To find out, open up the plug, usually with a screwdriver. If it only contains a fuse (or nothing), it's not doing anything to the voltage and you know that any drop in voltage it might need occurs "downstream" of that point, possibly inside the unit. If that's what you see inside, keep the fuse or note its spec... You should have a similar fuse in the new circuit and you can wire directly.

I agree: Don't do this is if the plug itself drops the voltage and you're going to ditch the plug. But that may not be the case.

Also make sure you get the polarity right. Ground is the outside of a lighter socket, and positive is the center "nubbin".

In other words, the battery terminals and the cig adapter are essentially the same. As long as you're just changing the way it gets 12V to the same point in the circuit without bypassing anything, you're not changing anything except the routing of the circuit.
Paul
'86 SEi
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#11 01-14-2008, 07:46 PM,
redwing1984 Wrote:Check the owners manual for your GPS, it should give you an operating voltage for your unit, if it is 5 volts like my satellite radio and my Garmin, then you will need to use a 12 outlet.
check under the specification part of the manual

Although I don't have the unit "in hand", I checked the manual and it doesn't say anything about it. Just that it plugs into a 12v cig lighter outlet. I even check the mfg web site - - nothing.
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#12 01-14-2008, 07:47 PM,
If you're going to be connecting a lot of electrical items onto your bike that aren't going to be switched off with the key you might want to consider investing in something like this;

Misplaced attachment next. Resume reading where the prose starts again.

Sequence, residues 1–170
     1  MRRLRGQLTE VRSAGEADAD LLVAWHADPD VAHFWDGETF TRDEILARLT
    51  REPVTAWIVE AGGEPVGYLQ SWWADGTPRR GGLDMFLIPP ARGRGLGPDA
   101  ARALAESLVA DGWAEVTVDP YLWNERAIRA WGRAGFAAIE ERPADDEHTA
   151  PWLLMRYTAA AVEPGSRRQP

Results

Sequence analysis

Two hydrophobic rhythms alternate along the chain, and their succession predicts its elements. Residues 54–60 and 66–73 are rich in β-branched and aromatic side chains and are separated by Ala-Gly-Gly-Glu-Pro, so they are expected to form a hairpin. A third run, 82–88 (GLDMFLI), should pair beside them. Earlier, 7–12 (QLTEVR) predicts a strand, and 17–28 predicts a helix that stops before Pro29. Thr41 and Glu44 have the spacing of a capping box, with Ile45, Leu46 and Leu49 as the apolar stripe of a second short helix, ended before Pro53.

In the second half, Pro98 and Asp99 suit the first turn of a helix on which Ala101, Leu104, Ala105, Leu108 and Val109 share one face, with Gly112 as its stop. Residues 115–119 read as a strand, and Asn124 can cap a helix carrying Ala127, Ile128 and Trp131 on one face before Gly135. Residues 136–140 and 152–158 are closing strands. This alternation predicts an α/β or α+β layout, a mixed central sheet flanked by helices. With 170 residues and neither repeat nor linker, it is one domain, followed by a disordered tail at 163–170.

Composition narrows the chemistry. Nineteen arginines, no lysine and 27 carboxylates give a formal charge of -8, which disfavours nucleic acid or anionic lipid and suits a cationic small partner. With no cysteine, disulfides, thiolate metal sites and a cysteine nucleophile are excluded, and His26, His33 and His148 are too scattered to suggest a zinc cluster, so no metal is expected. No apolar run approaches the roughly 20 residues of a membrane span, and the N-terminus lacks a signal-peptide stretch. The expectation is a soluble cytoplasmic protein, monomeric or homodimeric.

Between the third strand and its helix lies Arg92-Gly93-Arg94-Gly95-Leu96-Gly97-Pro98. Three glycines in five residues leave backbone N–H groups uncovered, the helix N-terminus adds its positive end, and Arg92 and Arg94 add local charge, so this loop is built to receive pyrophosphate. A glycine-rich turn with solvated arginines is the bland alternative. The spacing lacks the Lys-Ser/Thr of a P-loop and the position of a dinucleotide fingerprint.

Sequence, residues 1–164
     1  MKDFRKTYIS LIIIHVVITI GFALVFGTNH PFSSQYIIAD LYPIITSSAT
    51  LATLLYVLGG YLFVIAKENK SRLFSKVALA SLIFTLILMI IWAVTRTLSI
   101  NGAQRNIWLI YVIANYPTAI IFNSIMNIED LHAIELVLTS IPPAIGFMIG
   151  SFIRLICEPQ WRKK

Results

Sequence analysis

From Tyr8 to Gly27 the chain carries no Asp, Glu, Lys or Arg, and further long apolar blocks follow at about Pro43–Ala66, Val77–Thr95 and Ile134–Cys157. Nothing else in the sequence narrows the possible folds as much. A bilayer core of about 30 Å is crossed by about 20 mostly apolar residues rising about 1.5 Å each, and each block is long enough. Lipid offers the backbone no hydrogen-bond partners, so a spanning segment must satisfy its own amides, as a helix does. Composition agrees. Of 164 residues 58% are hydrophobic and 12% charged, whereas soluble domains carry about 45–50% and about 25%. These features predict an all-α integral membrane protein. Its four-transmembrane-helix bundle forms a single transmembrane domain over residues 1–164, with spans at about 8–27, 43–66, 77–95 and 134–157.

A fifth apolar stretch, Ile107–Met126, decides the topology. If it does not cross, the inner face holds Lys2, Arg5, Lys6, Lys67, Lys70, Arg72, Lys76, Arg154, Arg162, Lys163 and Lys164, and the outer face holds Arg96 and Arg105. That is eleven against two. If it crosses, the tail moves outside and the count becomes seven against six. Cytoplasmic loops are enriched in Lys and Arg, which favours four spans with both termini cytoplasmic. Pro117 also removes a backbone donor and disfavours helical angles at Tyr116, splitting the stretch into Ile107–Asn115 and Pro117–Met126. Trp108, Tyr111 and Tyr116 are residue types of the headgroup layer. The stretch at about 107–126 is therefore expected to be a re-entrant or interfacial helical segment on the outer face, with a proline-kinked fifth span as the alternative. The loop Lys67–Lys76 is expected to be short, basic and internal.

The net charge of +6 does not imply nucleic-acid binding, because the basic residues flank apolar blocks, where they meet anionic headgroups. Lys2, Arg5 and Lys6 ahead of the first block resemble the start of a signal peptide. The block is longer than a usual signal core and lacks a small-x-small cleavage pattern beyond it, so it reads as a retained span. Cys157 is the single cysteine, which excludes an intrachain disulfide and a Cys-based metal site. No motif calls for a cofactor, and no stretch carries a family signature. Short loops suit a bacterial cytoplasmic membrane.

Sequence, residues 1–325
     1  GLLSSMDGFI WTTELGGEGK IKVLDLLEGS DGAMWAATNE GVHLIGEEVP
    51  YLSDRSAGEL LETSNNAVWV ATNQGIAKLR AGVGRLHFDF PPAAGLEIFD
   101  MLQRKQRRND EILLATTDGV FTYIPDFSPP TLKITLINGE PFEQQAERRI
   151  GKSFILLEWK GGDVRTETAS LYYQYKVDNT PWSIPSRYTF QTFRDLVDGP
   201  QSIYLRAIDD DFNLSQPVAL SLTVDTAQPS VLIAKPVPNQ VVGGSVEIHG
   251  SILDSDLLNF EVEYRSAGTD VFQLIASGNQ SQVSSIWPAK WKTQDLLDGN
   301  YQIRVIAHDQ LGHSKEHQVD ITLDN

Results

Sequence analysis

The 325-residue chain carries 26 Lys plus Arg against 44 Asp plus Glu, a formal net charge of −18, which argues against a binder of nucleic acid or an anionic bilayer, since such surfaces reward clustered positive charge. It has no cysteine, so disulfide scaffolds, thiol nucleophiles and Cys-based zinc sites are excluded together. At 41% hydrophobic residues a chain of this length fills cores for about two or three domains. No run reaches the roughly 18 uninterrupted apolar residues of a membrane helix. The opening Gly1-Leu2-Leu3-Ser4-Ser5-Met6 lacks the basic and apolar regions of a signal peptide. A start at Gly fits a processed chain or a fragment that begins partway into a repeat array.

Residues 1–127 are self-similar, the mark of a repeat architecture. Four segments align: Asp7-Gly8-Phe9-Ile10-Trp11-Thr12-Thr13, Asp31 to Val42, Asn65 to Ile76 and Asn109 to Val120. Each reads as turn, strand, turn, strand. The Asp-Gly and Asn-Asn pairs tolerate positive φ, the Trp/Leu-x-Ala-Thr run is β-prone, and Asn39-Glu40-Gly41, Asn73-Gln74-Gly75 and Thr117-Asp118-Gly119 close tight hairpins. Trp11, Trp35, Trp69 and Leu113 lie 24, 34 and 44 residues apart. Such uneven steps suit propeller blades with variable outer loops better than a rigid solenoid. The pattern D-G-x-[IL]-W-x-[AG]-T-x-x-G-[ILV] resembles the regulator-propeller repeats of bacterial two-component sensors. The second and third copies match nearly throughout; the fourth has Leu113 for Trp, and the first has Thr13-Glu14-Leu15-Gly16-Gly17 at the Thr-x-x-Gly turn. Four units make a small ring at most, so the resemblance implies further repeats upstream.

<!-- m --><a class="postlink" href="http://www.crutchfield.com/S-kjmQX2AhHmt/App/Product/Item/Main.aspx?i=686BBTIII">http://www.crutchfield.com/S-kjmQX2AhHm ... =686BBTIII</a><!-- m -->
It automatically switches off the battery power when it senses too much drain and then you can reconnect it via a remote control. No more dead batteries.


Attached Files
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Ed (Vic) Belanger - 1954-2015
Founder of gl1200goldwings.com

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#13 01-14-2008, 08:04 PM,
sometimes the 12 volt plug has a very small transformer in it which will reduce the voltage to approx. 5 volts, their is nothing misleading about that, My sirius satellite radio and my Garmin GPS both have these, all i'm saying is be sure of the operating voltage of your unit before connecting it directly to the battery, whatever you do is up to you.
If everybody subscribed to the theory of an eye for an eye, the world would eventually be blind.
http://usera.imagecave.com/redwing1984/
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#14 01-14-2008, 08:05 PM,
if your manual doen't say anything about the voltage of the unit, then check to see if it says anything about NOT removing the 12 volt plug, this may be an indicator that the voltage could be reduced from the plug out to the unit.
If everybody subscribed to the theory of an eye for an eye, the world would eventually be blind.
http://usera.imagecave.com/redwing1984/
Reply
#15 01-14-2008, 08:10 PM,